Consequences Of Abandoning A Trademark Application Or Withdrawing A TTAB Proceeding

There may be times when a trademark practitioner will need to advise a client that it is in his best interest to abandon a trademark application or withdraw a Trademark Trial and Appeal Board ("TTAB" or "Board") proceeding. One scenario may be that a trademark applicant seeks legal counsel only after he filed an application without first conducting a trademark clearance search. If an applicant fails to conduct his due diligence, then when the application is published for opposition, a third party may oppose the application alleging a likelihood of confusion between the applicant's mark and his registered trademark. If it is likely that confusion would occur between the source of the two marks and the opposer has senior rights in the mark, it may be wise to advise the applicant to abandon the application. However, there may be negative consequences to taking this action.

Keep in mind that typically a trademark applicant can abandon his trademark rights in an application by filing an express abandonment. However, if a trademark applicant chooses to abandon his rights in the subject trademark application after the commencement of an opposition, concurrent use proceeding, or interference, the applicant must acquire the written consent of every adverse party or else judgment shall be entered against the applicant. See 37 CFR §2.135 for more details regarding this circumstance.

Moreover, there will also be negative consequences for a trademark applicant if a default judgment is entered against him or if a TTAB action is dismissed "with prejudice". If either of the two actions occur a trademark applicant is precluded from filing the same trademark, in the same format, for the same goods or services that were the subject of the proceeding. There are some extenuating circumstances that would provide some exceptions to this general rule. One scenario would be if the opposing party closed its business or abandoned its trademark.

There are also circumstances that may require a trademark practitioner to advise a client to withdraw an opposition or cancellation proceeding. For example, if a party initiates an opposition or cancellation proceeding and then learns of unfavorable facts that will negatively impact his case, the party may wish to withdraw the proceeding. This could only be accomplished, without the opposing party's consent and without a dismissal with prejudice if an answer has not yet been filed. However, if an answer was filed the proceeding cannot be withdrawn without prejudice unless written consent of the opposing party is acquired. See 37 CFR §2.106(c) for more information on this subject.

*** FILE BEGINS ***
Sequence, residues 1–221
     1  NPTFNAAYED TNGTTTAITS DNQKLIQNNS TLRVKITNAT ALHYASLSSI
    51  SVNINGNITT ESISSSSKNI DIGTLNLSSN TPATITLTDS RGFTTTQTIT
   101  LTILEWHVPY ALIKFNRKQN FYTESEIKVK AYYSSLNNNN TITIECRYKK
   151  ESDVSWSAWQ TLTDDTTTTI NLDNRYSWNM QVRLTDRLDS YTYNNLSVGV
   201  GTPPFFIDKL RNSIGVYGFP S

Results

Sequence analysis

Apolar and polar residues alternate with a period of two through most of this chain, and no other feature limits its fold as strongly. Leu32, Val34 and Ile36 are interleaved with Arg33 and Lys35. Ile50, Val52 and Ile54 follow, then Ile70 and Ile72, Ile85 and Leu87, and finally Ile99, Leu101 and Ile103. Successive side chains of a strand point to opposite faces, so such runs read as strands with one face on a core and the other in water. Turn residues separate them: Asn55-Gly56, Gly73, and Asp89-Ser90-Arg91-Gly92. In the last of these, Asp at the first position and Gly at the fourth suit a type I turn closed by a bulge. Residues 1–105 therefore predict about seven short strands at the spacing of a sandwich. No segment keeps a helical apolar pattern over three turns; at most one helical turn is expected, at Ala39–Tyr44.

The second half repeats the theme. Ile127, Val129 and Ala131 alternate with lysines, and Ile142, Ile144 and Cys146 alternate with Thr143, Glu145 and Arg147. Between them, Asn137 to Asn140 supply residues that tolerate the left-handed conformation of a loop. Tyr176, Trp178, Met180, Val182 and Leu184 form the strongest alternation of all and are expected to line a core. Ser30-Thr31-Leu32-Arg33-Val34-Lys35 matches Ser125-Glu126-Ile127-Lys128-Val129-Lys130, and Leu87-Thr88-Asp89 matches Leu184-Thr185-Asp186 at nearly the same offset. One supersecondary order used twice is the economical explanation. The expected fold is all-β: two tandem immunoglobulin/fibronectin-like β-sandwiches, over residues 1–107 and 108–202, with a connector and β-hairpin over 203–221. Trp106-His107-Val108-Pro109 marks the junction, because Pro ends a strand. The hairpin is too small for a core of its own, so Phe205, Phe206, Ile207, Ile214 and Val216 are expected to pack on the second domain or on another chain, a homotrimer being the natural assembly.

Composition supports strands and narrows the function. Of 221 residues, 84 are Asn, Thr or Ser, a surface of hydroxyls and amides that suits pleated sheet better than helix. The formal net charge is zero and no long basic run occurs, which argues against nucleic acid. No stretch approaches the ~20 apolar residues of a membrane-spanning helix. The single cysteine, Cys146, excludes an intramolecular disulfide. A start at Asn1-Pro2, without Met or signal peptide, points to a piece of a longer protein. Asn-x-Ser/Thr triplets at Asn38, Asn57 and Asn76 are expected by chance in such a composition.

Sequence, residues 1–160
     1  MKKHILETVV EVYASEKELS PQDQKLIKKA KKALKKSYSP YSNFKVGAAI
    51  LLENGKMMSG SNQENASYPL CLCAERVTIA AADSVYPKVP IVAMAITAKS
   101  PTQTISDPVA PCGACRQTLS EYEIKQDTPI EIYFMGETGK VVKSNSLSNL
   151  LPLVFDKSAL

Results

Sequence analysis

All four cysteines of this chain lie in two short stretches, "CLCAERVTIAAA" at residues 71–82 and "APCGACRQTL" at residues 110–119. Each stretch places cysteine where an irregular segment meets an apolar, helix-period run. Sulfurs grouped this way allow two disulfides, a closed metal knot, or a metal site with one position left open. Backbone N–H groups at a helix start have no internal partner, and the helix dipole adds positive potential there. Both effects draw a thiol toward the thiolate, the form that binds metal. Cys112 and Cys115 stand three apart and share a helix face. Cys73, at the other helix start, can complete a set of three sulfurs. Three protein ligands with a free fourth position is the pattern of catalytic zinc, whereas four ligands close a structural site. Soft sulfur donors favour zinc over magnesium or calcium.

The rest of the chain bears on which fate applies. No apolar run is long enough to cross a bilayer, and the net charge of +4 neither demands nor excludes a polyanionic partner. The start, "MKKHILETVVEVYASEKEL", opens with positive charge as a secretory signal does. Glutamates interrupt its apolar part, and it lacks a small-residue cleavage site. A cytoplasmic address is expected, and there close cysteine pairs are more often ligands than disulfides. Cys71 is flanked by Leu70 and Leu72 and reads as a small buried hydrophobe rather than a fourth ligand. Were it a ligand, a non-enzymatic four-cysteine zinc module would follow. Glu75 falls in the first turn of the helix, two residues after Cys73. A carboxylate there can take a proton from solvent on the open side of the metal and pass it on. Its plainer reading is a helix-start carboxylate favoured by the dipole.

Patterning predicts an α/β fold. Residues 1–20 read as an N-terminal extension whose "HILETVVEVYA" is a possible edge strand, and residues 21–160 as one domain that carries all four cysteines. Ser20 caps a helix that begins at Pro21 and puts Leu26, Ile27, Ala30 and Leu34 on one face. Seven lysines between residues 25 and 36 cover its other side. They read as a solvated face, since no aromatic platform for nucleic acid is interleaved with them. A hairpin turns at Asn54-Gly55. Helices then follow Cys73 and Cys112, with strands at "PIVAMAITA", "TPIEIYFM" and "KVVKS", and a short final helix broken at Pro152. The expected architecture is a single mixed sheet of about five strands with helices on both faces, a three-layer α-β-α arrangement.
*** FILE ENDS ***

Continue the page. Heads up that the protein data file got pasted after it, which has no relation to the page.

If the action is withdrawn without prejudice, a new proceeding can be filed against the same mark at a later time. Conversely, if the case is withdrawn or dismissed with prejudice, then the party in the position of the plaintiff would then be barred from filing another proceeding (either an opposition or cancellation action) against the specific form of the trademark for the goods and services listed in either the application or registration. However, the plaintiff would not be barred if the mark was modified and perhaps a design element was added or if the goods and services were amended or altered.

In the majority of cases within our practice, we advise our clients to explore alternative business resolutions before committing to pursuing proceedings at the TTAB. There are several disadvantages of Board proceedings. One is that the Board will not consider market place realities. Another is that the Board will not necessarily be educated about a client's particular business. Instead, they will look to the four corners of the trademark application and/or registration to determine the scope of a party's goods or services and to determine if there is a likelihood of confusion.

In addition, it is important to be mindful that the jurisdiction of the TTAB is limited to determining if a mark is entitled to registration and nothing more. It cannot award money damages, attorney fees, or order an injunction. Often, it makes good business sense to negotiate an amicable settlement. This would require each party to agree to a compromise, but would allow the respective parties to continue with their businesses without interruption and without payment of significant litigation costs. The TTAB does not require the settlement agreement to be filed and made a public record. All that is required is that the parties file a document dismissing the action. This allows for the terms of the settlement to remain confidential. It is important that a trademark applicant seek legal counsel before filing a trademark application, before possibly abandoning an application, or before withdrawing a TTAB proceeding. If you have trademark inquiries, please feel free to contact our office for a courtesy trademark consultation.